Touchdown. Fifty-yard line. Flags, penalties. Two-point conversions. These are terms that I was only vaguely familiar with before becoming a football mom.
I have never been a sports fan, aside from playing volleyball and being captain cheerleader for the basketball team in my younger days at school. I have always been the tomboyish sort, but still never into sports.
When my child-bearing days were over, I was more than happily content with not having any daughters but rather three sons. Being a mother to boys is highly rewarding. My oldest son is always concerned with my safety. My middle son isn’t embarrassed to hold my hand while we are walking anywhere. My youngest son is poetically sweet, always writing me little notes such as “Mom you are like a shooting star to me. Your eyes sparkle in the moonlight and your face is the reason I fall asleep at night. I love you mom.”
He is 10 now, and he wrote this a couple of years ago. I’m always getting sweet surprise kisses on my cheeks or my forehead. I knew it would be rewarding to have sons, but I never could have anticipated how rewarding it would be.
When I attend my son’s football games, even though I’m not knowledgeable in all of the terminology, I still sit on the edge of my seat during intense plays or close scores. I still yell along with the other parents to encourage the team. I still get mad at the referee at calls that look unfair. I still have to fight the urge to run out on the field whenever he is down and hurt. And I love every single bit of it.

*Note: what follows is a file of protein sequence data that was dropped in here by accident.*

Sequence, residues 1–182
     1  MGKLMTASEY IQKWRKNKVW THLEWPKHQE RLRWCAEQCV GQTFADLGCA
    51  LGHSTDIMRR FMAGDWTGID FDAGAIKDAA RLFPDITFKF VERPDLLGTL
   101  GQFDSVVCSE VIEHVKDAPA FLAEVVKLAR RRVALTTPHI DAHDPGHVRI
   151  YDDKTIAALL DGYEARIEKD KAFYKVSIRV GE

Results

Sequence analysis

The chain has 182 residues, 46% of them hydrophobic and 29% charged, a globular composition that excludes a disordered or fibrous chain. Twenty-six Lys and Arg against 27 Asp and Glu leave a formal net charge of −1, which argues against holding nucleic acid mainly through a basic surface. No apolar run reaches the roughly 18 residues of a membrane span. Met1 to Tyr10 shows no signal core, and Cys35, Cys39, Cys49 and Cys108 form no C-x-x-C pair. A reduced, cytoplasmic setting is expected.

What I love the most is that at the end of the game, my son walks over to me, his hair matted down with sweat and his jersey entirely drenched. He doesn’t walk over to me hanging his head or dragging himself simply because they lost (they haven’t been able to win a game yet this year with only 10 players on the team).
No, he doesn’t walk up to me with the negative attitude of a sore loser sporting the look of defeat. He walks up to me with a smile on his face because he genuinely enjoyed playing. He always tells me that I am the first thing he wants to see because even if they lose there is no way he can feel defeated when he sees my face. He melts my heart with the simplest words. That is the reward of being a boy mom. That is the pay-out for all the stinky jerseys, the third lost mouth guard of the season, sitting there freezing in 45-degree weather with the wind and rain coming down, running to and from practice every week. That is the priceless reward of being a football mom.
Felicia Smith lives in Leavenworth.